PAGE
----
Wu Caiyi | Staff Photographer
Thousands of Oakland residents pass through “Light Up,” the large yellow sculpture in Posvar Hall Plaza, on their way to classes or meetings everyday, not thinking twice about it. But on Thursday, it was the center of attention.
Provost Ann Cudd and Greg Scott, the senior vice chancellor for business and operations, announced Thursday on a stage in front of the sculpture that the University would put more funding and energy into providing more public art around campus.
The new initiative is part of the 2019-20 academic year’s Year of Creativity, the sixth iteration of the “Year of” program, which “aims to encourage the creative spark in all of us.”
An Art on Campus committee has been formed to highlight existing art, while also adding new pieces. The panel is headed by Assistant Provost Nancy Tannery and Mary Beth McGrew, associate vice chancellor for planning, design and real estate. Other members of the committee include:
Zach Brodt, a University archivist
Jon Goldstein, vice chancellor for communications, donor relations, and volunteer management
Canard Grigsby, a University architect
Sylvia Rhor, director and curator of the University Art Gallery
Kirk Savage, professor and chair of the Department of History of Art and Architecture
The initiative builds on a previous $49,000 grant awarded in fall 2019 by Chancellor Patrick Gallagher’s office to several University units, including the Department of History of Art and Architecture, University Library System, Frick Fine Arts Library and University Art Gallery, to survey and record all of Pitt’s public art pieces. The grant awardees also built a website to display public art at the University and provide information on each piece.
The committee has established a four-phase plan to integrate more art into the University. First, it will collect information on all of the current art pieces. Then, it will focus on improving Alumni and Mervis halls and artwork in outdoor public spaces, as well as recommending a collection management database system for Pitt to utilize. The committee will then write a report of recommendations for a comprehensive art inventory and management plan at Pitt.
Cudd said adding art in more public places will improve campus for visitors and students alike.
“It makes the campus a much more vibrant place to visit,” Cudd said. “It makes it special for visitors, but also for our faculty, staff and students.”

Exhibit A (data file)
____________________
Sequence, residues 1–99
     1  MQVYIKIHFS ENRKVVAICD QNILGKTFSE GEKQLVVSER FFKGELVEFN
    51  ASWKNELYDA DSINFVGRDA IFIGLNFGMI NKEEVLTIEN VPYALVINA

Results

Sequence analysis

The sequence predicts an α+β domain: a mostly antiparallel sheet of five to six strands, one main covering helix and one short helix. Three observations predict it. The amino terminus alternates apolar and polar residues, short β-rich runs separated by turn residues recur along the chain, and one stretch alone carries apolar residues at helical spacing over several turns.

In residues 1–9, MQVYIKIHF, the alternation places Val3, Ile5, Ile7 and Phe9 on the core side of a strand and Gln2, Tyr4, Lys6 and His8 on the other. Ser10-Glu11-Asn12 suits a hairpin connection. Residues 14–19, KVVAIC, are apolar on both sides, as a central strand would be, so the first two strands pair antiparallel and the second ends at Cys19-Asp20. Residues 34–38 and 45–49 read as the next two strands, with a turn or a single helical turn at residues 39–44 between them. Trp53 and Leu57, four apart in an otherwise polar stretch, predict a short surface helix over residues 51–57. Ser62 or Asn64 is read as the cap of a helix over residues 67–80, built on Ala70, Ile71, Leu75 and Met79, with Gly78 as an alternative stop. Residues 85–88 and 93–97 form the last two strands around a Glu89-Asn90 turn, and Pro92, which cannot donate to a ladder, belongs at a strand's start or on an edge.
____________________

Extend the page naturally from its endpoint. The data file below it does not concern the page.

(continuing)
Scott added that art can communicate different things to different people, bringing multiple different perspectives together in one place.
“We may not agree on what is considered art, and that’s ok — beauty is certainly in the eye of the beholder,” Scott said. “Our reflections and conversations are what matter most, embracing the creativity, diversity and new perspectives that art offers each one of us.”
Cudd said the purpose of the initiative is to highlight current art on display around campus, as well as provide new pieces.
“We have a lot of great pieces already, such as the Tony Smith ‘Light Up’ piece that we are standing in front of,” Cudd said, “We want to be able to make sure that we celebrate and archive and bring attention to this art.”
Westinghouse Electric originally commissioned the “Light Up” sculpture in 1971 for its headquarters in Downtown, located at the Gateway Center. It was later donated to the University in 1989, after plans were made to renovate its original location.
Following Cudd and Scott’s remarks, Tannery and McGrew performed a creative water pouring. The duo spilled water onto a board, which caused invisible paint to transform into the words, “But is it art?” which was met with surprise and slight whispers from the crowd.
About two dozen faculty and students attended the announcement and provided feedback on survey cards about what art they would like to see around campus.
Sarah McCafferty, a junior marketing major, said she is pleased that the University is working on adding art to campus. She said the University has many talented artists, and would like to see an increase in student art displayed in University buildings, especially the William Pitt Union, where she works as a student house manager.
“I’m happy that they’re funding more art to campus,” McCafferty said. “I care a lot and I’m really glad that they’re putting more funding into art around campus to make it more vibrant.”
Gloria Givler, a first-year engineering major, said she spends a lot of time in Benedum Hall and would like to see more art in the building.
“I feel like the only art piece that I really see is [‘Light Up’]. I think it would definitely be interesting to have more art on campus,” Givler said. “It would be nice to have something to liven it up a bit.”
McCafferty said adding student artwork can have a big impact on the way people feel about belonging to the University.
“I feel like sometimes if a building doesn’t have student work in it, it feels more like an institution, rather than a community,” McCafferty said. “I think art is really good for building a community and making people feel more ingrained in a school.”